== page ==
Michael J. O’Loughlin
One of the church’s experts on protecting children from abuse says that while today “there is much more awareness about the issue,” the church has to invest more resources and include more women, especially in places where the church is growing fastest.
“What is still lacking is an understanding that the protection of minors and the justice done to victims is a priority within the church,” Hans Zollner, S.J., who heads the Centre for Child Protection at the Pontifical Gregorian University in Rome, told America on Thursday. He added that some bishops and other church leaders sometimes see combating sexual abuse as “one topic among others” and have not grasped that “this has to be a priority for the church.”
Father Zollner, a psychologist by training, launched the child protection initiative in 2012 in Germany and he moved to Rome in 2015 when Pope Francis requested that the center’s resources be used in the global church. He was then appointed to the Vatican’s Commission for the Protection of Minors, and he is a consultor for the Vatican office that deals with clergy.
He said that when it comes to policies and protocols, the church has made great progress, especially in the decade and a half since widespread sexual abuse in the church came to light in the United States. Today, he said, cultural challenges and a lack of trained professionals in Africa, Latin America and Asia pose the greatest obstacles to fighting sex abuse.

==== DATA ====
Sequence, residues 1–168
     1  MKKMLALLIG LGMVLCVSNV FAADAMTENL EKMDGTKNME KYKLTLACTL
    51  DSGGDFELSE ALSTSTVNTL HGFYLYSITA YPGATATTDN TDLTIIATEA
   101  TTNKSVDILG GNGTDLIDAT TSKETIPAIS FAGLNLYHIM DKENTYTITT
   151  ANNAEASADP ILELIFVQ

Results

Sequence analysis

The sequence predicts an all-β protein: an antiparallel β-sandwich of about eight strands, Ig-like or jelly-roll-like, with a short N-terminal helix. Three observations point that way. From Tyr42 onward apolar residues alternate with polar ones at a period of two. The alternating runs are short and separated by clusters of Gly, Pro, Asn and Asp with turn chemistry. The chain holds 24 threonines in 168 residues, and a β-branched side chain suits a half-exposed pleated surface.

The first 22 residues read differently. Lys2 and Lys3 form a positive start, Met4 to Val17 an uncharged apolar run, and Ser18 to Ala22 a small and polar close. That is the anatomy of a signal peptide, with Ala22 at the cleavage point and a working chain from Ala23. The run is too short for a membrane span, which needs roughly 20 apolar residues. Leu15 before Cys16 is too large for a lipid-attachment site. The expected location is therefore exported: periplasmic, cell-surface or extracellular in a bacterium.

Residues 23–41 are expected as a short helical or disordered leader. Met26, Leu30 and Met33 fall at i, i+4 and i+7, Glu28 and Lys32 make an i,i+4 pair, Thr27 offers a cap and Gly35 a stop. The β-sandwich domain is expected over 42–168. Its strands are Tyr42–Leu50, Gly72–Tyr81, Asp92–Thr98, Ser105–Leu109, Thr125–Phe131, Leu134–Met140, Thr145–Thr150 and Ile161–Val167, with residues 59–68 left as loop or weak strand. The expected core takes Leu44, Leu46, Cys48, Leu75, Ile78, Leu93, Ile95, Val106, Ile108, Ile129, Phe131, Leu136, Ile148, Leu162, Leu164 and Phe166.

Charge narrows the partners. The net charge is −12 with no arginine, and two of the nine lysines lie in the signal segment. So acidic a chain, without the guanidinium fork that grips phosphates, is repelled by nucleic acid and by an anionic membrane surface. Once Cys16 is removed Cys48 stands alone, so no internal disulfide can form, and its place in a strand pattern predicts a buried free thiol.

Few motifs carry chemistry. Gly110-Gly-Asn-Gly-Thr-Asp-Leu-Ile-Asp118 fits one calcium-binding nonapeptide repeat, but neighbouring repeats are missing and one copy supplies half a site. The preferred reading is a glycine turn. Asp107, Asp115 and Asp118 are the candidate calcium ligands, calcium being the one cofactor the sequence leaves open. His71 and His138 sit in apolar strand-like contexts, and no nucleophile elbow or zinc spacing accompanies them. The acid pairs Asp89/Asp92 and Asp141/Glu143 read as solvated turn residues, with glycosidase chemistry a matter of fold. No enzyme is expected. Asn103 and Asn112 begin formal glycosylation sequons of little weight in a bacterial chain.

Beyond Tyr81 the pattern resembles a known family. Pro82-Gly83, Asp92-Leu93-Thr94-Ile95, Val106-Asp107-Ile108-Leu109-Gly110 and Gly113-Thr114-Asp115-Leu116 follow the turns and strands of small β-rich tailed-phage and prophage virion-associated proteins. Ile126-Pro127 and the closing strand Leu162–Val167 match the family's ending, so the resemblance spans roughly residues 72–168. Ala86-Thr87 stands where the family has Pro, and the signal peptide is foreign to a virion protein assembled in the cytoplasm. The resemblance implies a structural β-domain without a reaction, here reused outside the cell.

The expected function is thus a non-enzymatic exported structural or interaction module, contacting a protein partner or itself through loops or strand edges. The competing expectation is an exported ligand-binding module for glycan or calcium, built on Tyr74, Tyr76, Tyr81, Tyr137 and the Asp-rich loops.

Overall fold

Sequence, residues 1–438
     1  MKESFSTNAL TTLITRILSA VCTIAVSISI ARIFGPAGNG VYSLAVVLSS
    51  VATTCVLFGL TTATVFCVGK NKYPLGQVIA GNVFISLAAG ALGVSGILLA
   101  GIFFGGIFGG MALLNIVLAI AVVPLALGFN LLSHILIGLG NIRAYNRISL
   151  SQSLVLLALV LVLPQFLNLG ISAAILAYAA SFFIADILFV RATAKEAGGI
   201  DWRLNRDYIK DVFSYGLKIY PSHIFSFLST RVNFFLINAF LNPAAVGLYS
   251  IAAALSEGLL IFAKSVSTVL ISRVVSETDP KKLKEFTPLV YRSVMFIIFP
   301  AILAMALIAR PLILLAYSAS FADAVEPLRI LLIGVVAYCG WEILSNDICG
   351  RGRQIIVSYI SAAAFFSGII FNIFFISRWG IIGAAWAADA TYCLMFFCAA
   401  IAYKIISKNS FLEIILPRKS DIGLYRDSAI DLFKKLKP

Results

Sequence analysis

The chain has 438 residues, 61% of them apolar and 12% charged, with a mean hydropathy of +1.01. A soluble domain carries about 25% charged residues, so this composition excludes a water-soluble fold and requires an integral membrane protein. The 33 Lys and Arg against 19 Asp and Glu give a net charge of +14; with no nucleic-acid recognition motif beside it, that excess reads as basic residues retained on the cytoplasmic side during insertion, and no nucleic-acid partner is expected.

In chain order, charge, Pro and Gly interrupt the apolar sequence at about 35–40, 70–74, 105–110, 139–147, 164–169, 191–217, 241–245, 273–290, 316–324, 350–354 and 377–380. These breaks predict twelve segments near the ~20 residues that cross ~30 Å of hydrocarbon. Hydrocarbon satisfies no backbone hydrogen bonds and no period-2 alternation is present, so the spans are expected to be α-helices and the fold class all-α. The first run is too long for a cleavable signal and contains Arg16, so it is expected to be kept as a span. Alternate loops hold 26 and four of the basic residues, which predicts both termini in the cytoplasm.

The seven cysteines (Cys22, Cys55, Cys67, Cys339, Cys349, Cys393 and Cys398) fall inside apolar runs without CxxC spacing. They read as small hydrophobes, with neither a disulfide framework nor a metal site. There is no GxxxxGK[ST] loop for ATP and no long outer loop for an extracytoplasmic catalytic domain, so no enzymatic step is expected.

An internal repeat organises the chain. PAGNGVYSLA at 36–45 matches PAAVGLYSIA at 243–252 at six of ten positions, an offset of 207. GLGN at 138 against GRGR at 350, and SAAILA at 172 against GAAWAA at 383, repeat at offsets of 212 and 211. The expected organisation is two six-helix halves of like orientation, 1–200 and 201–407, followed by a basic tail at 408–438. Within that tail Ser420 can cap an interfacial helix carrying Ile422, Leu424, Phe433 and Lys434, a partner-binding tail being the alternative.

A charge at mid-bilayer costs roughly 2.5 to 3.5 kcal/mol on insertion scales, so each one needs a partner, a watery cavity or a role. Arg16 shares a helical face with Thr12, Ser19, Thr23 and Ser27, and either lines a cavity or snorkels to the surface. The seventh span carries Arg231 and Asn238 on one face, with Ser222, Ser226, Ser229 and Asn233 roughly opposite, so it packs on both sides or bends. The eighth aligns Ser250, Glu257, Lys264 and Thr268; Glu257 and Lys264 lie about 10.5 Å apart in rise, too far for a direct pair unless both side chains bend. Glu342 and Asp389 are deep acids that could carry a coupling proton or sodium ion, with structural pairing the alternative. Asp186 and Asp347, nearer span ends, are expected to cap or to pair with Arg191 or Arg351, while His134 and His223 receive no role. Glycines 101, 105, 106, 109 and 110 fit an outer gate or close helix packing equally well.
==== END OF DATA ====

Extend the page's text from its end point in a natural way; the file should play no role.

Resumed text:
“We need the voice of women here,” Father Zollner said, because women often “bring up the voice of those who are the most vulnerable in our society.”
He said even in places that have policies in place, sometimes the church has not invested in the kinds of professionals needed to implement the codes, such as canon lawyers and psychologists.
On Thursday, The New York Times published a story detailing additional allegations against Cardinal Theodore McCarrick, the retired archbishop of Washington, D.C. In that story, the cardinal is accused of having sexually assaulted a man over a number of years beginning when the victim was a minor. That story followed an article on Monday in which a former seminarian accused the cardinal of preying on him and other priests and seminarians.
Father Zollner said the case of Cardinal McCarrick shows that vigilance is still needed, but he pointed out that it was a church-appointed board that eventually made the allegations against the 88-year-old prelate public and which ultimately led to his removal from ministry last month.